Don't you just hate it when you accidentally swallow your mobile phone right when you need to make a call? Yeah, me too. That really happened to an unfortunate Irishman, according to a new report in the International Journal of Surgery Case Reports. And the challenges doctors faced removing the mobile device might be cause to rethink the conventional strategies for dealing with similar cases in the future. The Dark Knight (2008)
It all started when a 29-year-old male prisoner was brought to the ER of the Adelaide and Meath Hospital in Dublin. He'd been vomiting for four hours after swallowing his mobile phone six hours earlier. No, I have no idea how he got it down his oesophagus in the first place. And yes, as one might expect, the case report notes the young man "had complex psycho-social issues". A chest X-ray confirmed that the man was telling the truth:
All images: O. Obinwa et al./International Journal of Surgery Case Reports
Other than that, the guy was fine, so the doctors decided to admit him and just wait for the phone to pass through his digestive tract — painful though the prospect of passing a mobile phone through one's rectum might be. But after 18 hours, the phone hadn't budged: it was still in the patient's stomach, and nowhere close to passing into the small intestine to begin snaking its way through the digestive tract. And that meant surgery was in order.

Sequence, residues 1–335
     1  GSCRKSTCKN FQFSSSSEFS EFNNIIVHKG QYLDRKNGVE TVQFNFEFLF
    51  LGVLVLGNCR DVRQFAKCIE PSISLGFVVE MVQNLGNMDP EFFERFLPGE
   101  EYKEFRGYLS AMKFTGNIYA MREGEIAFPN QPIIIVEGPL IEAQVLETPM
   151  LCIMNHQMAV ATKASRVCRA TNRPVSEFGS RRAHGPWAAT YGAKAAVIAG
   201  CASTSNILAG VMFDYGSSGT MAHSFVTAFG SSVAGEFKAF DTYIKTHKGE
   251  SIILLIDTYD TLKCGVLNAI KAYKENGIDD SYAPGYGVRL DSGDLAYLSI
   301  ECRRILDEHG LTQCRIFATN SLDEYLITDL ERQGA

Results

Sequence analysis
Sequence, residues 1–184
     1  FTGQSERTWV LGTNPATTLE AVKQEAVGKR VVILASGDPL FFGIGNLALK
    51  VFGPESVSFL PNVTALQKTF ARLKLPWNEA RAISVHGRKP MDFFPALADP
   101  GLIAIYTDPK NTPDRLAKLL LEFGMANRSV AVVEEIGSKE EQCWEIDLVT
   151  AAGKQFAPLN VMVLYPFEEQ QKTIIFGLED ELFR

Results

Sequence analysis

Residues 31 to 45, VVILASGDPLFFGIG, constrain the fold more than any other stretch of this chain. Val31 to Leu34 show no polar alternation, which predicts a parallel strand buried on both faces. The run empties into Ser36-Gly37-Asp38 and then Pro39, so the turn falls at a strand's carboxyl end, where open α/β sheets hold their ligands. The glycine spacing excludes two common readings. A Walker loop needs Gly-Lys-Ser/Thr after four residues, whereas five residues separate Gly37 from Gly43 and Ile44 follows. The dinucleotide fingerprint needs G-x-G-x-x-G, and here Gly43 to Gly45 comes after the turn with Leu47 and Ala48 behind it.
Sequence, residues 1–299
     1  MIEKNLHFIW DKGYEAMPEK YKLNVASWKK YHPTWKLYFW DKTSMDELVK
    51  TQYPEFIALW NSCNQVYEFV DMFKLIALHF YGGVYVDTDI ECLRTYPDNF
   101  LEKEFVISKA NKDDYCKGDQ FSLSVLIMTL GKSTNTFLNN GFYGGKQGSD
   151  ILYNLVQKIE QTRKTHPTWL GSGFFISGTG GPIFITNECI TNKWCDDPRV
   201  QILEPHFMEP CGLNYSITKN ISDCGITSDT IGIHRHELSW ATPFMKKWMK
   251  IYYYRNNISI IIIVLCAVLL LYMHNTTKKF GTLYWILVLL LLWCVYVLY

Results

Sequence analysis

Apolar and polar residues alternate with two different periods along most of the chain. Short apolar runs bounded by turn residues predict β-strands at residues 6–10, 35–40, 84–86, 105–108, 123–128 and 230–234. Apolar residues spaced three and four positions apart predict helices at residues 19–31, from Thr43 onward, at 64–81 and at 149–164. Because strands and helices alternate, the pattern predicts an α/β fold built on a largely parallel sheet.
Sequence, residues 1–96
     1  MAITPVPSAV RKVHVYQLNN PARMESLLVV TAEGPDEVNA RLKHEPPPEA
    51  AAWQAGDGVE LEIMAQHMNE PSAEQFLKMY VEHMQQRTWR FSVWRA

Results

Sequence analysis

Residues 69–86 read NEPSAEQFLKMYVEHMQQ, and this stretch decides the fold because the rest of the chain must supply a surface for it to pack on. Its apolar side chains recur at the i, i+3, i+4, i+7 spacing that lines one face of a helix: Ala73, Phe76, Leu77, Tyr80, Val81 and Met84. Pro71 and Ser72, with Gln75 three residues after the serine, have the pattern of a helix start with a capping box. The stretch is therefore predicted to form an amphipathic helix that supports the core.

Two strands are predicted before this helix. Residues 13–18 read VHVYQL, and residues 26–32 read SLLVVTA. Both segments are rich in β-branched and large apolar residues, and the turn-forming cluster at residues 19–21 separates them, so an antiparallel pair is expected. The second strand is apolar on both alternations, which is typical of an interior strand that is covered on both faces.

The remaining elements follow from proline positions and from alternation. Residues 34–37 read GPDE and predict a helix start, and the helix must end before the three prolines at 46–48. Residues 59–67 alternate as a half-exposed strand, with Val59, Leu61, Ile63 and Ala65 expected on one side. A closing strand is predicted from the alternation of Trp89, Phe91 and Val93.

The first option is usually to try minimally invasive surgery, in this case attempting to insert instruments down the oesophagus to grasp the foreign object and pull it out. It didn't work, because surgeons couldn't get the mobile phone into the correct alignment. Forcing the issue would have damaged the oesophagus.
So they opted for a more invasive approach, making larger incisions in the abdominal wall and yanking the phone out with forceps — kind of like a caesarean section. Then they stitched the patient back up and kept him under observation for a few days.
By day six, the patient's gastrointestinal function seemed normal, and after a psychiatric evaluation, he was discharged.
So it all turned out OK in the end. The moral of the story, per the case report's authors, is that it might be wise to revisit standard procedure when it comes to trying the minimally invasive option first — if someone swallows a mobile phone, it's probably more efficient to go right to surgery. Alternatively, perhaps it's time to improve the design of the various instruments used for retrieval of foreign objects so that it's easier to manipulate those foreign objects into the optimal position for removal.
Of course, it would be nice if people would stop doing stupid things like swallowing their damned mobile phones, but that's probably too much to hope for.